Report on the RDF calendaring workshop


Libby Miller, 2003-01-06

The recent work going on in the Mozilla calendar project and the iCal Apple application has stimulated interest in the subject of creating, displaying and exchanging calendars. These products make it simple for users to create and make available calendars represented in the iCalendar standard (RFC 2445), and to subscribe to the calendars they are interested in which have been created by other people.

Since early 2001, the RDF interest group has had an informal taskforce examining calendaring and scheduling issues and RDF. This arose out of an initial exercise by Tim Berners-Lee which described how one might approach the problem of converting iCalendar to RDF, and later, from discussions at the W3C Technical plenary in 2001.

Calendaring is an interesting application of RDF because it is such an important part of people's day-to-day lives, and because it also encompasses difficult philosophical and modelling problems, and social, trust and privacy questions. It straddles all levels of the Semantic Web from simple queries to find out who is at a conference, to complex scheduling problems involving logic.

A workshop was held in Bristol on 9th October 2002 on Calendaring and RDF as part of the SWAD-Europe EC funded project. Its themes were usecases, practical tools, and vocabulary testcase.


A major aim of the workshop was to write convincing usecases which showed why an RDF version of the standard would be more useful than the iCalendar format (which is presented in a text based format called 'mime-directory' (RFC 2425)). ICalendar is the standard format used by most devices and software for calendaring and scheduling, but is also highly complex and difficult to implement in its entirety.


A second aim was to demonstrate some practical tools for managing event information. RDF sometimes has a reputation for being rather future-orientated. The aim here was to show some tools that can be used now, both RDF tools and tools that can be used after RDF has been used to process data.


A third aim was to look at ways to create an RDF vocabulary for events. There have been several attempts to model calendaring formats in RDF, including the 'hybrid' model of iCalendar (Michael Arick and Libby Miller) another iCalendar model (Dan Connolly), and a Palm model (also Dan Connolly). We wanted to see if an RDF vocabulary was thought to be a useful thing to have, then how we might combine these vocabularies or choose between them.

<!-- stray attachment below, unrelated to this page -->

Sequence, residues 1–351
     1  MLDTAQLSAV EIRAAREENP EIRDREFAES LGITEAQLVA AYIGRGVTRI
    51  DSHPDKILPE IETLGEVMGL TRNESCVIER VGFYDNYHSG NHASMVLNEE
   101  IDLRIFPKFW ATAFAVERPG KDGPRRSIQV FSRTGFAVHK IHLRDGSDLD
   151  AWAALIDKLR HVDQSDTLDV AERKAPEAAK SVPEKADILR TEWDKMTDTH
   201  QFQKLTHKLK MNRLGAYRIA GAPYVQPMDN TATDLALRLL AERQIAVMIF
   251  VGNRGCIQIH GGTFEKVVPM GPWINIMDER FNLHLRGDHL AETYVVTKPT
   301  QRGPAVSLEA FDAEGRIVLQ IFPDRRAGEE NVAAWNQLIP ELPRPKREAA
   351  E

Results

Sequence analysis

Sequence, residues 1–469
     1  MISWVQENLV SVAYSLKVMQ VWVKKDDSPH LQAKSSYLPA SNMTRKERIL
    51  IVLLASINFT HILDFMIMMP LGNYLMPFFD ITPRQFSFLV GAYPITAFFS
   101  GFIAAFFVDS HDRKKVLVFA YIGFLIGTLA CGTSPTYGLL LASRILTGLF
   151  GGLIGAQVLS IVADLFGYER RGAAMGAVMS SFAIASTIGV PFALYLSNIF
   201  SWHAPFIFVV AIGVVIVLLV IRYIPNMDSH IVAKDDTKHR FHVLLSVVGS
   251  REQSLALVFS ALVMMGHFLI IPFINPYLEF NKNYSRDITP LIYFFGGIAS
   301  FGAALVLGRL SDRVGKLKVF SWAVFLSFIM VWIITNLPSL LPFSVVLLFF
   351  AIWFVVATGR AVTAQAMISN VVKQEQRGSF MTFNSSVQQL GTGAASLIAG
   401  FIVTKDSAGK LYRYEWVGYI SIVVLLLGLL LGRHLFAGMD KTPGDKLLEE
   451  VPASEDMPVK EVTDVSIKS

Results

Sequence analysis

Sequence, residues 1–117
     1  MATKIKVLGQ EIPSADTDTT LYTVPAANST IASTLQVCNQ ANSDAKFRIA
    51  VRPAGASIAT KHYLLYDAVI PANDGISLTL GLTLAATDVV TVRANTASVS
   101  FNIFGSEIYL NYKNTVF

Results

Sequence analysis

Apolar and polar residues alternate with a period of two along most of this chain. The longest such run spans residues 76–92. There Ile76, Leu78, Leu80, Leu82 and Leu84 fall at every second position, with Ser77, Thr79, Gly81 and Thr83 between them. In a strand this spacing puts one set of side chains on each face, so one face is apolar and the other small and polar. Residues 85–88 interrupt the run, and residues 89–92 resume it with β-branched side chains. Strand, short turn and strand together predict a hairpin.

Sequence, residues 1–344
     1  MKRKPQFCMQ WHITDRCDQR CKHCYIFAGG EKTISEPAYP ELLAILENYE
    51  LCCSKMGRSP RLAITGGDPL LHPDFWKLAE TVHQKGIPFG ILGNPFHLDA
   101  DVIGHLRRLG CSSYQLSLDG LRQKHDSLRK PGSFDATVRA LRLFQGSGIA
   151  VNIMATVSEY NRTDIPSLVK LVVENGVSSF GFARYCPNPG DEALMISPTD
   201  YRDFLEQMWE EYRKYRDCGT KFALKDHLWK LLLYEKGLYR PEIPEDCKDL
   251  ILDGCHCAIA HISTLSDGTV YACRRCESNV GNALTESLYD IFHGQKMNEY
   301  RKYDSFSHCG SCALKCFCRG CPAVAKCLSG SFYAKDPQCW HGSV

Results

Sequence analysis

Usecases for an RDF events vocabulary focused on _combining_ information about

with other kinds of information, such as data about

and many other types of information such as pricing and facilities of a public event.

ICalendar is not designed to be highly extensible in this fashion; it is a tool for describing and scheduling meetings. Instead we need something that can incorporate people, their names and contact details; documents, their titles, descriptions, creators and dates; events, times and dates, timezones, attendees, resources; places - names, descriptions, latitute and longitute coordinates - and so on.

This amount of information cannot and should not be described by one organisation or in a single enormous document - it is just too complex a task, with too much room for disagreement. However the variety of things that may be related in some way to events does imply that RDF might be a good medium for describing them - because it designed for decentralized development of vocabularies, which can then be combined together.

In particular, RDF has a model which describes objects in the world and their properties and relationships. This simple model underlies all RDF data, and allows for objects from different vocabularies to be linked together.

For example, if you saw the following RDF snippet

<Event> <attendee> <foaf:Person> <foaf:name>Libby Miller</foaf:name> </foaf:Person> </attendee> </Event>

you could read that document and then say - ah yes - I know Libby Miller - she also wrote a document about calendaring and RDF, so you could also write this down:

<foaf:Document> <dc:identifier rdf:resource=""/> <dc:contributor>Libby Miller</dc:contributor> <dc:contributor>Greg FitzPatrick</dc:contributor> <dc:contributor>Dan Brickley</dc:contributor> <dc:title>SkiCal and iCalendar in DAML+oil: a case study</dc:title> </foaf:Document>

In the first of these fragments of RDF there are two objects - an event and a person, and these are related by the property 'attendee'. The person has a property 'name'.